Decisive historical changes do not come from great wars, terrible cataclysms, or ingenious inventions: it is enough that the heart of man incline its sensitive crown to one side or the other of the horizon, toward optimism or toward pessimism, toward heroism or toward utility, toward combat or toward peace.
José Ortega y Gasset
Decisive Historical Changes
Topic: Justice, Vision, & Leadership
“Decisive historical changes do not come from great wars, terrible cataclysms, or ingenious inventions: it is enough that the heart of man incline its sensitive crown to one side or the other of the horizon, toward optimism or toward pessimism, toward heroism or toward utility, toward combat or toward peace.”
José Ortega y Gasset (9 May 1883 – 18 October 1955) was a Spanish philosopher, and essayist. He worked during the first half of the 20th century, while Spain oscillated between monarchy, republicanism, and dictatorship. His philosophy has been characterized as a "philosophy of life" that "comprised a long-hidden beginning in a pragmatist metaphysics inspired by William James, and with a general method from a realist phenomenology imitating Edmund Husserl, which served both his proto-existentialism (prior to Martin Heidegger's) and his realist historicism, which has been compared to both Wilhelm Dilthey and Benedetto Croce."
Weintraub, Karl J. Visions of Culture. University of Chicago Press, 1969, [José Ortega y Gasset (Quoted in Karl J. Weintraub, Visions of Culture].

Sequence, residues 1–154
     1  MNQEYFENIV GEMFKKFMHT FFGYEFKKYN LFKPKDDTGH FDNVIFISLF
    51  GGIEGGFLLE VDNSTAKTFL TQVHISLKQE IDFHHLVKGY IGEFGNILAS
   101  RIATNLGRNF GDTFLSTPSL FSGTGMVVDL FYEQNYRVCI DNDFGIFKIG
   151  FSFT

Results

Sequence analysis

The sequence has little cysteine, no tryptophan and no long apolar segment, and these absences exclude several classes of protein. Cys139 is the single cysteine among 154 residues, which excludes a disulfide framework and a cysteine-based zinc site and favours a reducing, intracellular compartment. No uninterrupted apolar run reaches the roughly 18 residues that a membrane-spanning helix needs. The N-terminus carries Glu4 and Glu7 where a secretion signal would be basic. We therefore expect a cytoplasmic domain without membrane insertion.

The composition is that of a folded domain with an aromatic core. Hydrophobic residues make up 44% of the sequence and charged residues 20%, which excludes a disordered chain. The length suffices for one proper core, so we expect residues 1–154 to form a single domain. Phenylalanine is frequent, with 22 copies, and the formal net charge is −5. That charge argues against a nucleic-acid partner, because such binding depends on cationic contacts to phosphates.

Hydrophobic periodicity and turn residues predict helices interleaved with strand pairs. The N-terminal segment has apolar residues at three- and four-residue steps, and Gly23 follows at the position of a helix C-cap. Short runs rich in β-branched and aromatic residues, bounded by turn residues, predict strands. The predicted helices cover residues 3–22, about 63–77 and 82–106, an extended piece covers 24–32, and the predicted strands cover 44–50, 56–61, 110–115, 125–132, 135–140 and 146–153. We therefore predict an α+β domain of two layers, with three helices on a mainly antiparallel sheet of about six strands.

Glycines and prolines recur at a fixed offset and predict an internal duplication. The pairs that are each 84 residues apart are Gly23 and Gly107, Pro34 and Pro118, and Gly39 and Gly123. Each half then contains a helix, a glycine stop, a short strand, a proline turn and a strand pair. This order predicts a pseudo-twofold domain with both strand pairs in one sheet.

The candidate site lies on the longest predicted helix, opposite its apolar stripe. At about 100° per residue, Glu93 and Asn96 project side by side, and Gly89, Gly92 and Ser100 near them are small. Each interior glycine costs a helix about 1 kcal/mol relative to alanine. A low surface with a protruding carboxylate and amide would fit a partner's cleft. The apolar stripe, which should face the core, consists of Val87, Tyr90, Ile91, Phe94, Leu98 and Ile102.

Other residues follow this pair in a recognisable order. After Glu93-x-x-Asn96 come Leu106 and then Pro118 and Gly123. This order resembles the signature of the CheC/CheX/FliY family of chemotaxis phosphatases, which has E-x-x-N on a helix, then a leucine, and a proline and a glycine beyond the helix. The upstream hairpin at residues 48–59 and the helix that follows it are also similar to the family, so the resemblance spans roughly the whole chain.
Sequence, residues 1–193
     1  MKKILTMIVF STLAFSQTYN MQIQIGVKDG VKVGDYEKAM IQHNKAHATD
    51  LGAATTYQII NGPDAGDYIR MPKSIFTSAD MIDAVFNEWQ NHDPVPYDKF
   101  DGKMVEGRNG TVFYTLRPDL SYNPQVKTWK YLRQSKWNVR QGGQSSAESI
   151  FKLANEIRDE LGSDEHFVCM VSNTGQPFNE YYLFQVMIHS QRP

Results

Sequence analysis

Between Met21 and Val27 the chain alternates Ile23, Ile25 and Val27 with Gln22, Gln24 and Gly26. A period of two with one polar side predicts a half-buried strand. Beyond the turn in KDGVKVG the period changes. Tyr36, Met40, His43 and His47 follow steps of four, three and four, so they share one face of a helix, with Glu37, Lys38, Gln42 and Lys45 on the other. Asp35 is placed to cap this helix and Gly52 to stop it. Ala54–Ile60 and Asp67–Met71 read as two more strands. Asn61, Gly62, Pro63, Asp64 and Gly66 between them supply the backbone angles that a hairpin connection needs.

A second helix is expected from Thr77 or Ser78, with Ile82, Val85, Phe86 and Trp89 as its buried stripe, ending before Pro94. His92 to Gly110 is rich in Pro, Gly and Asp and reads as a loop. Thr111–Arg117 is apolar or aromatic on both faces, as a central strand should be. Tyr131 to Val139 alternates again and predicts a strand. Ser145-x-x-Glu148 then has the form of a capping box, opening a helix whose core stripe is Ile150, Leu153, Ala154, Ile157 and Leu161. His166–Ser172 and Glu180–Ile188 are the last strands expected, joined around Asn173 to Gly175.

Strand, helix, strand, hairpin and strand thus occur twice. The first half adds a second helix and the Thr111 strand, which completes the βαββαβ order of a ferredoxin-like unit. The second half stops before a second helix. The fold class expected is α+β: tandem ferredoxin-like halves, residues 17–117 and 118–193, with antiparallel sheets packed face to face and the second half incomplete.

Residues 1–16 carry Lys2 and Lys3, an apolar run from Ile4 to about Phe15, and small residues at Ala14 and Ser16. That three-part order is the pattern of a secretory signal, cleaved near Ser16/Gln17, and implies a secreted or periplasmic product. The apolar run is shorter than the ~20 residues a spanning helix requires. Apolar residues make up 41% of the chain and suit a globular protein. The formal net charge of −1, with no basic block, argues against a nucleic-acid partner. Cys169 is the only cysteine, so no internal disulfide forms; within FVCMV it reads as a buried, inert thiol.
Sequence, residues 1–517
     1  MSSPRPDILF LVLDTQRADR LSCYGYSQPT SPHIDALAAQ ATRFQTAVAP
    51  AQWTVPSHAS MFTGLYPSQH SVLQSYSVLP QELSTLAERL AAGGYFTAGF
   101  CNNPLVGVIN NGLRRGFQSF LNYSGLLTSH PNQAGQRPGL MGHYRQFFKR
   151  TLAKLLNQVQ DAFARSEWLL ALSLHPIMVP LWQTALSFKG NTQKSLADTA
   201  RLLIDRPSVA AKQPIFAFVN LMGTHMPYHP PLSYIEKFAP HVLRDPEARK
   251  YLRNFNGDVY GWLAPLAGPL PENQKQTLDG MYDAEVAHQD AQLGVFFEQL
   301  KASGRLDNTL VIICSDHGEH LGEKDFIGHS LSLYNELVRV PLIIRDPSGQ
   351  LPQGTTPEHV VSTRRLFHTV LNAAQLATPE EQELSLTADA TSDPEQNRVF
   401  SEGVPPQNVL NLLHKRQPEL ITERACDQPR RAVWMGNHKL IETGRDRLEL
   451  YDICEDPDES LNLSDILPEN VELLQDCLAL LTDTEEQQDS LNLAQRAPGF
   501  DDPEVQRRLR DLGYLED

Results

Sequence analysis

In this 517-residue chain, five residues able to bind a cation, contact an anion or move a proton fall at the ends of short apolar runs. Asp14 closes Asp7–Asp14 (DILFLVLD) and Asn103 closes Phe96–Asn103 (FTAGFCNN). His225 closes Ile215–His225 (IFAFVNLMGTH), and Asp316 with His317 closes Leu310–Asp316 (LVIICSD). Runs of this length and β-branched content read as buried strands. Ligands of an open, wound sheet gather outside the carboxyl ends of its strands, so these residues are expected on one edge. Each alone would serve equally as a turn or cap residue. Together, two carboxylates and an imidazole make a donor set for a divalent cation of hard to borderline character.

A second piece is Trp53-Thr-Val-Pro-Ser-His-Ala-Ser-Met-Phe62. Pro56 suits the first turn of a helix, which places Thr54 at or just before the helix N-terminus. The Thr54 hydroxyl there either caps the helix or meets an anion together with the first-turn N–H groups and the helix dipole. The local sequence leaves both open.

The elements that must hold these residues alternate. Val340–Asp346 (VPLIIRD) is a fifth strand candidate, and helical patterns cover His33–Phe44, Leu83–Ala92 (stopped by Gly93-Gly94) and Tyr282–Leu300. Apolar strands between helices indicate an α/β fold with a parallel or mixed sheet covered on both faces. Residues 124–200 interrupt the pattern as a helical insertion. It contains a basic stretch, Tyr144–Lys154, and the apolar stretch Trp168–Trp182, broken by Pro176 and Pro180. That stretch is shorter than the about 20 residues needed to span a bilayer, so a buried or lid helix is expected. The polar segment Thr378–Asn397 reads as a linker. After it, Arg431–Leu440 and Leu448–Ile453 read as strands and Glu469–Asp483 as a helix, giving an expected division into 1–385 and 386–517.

José Ortega y Gasset
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José Ortega y Gasset (1883–1955) was a prolific and distinguished philosopher of Spain in the twentieth century. In the course of his career as philosopher, social theorist, essayist, cultural and aesthetic critic, educator, politician and editor of the influential journal, Revista de Occidente, he has written on a broad range of themes and issues….
Critical philosophy of history thus refers to the position that characterizes the world we know and in which we act as a product of human activity and mind. Accordingly, Ortega represented the “modern” reflective thinker who approached history from philosophy, and whose theories of history as a source of human knowledge have epitomized the tendency to connect concepts of historical temporality and mind. He challenged positivistic approaches to history and contributed an important aspect to the modern concept of history: the tenet that there is a connectedness and a meaning in human history which emanates from a principle of continuity inherent in individual human lives.
–José Ortega y Gasset [The Stanford Encyclopedia of Philosophy – Website]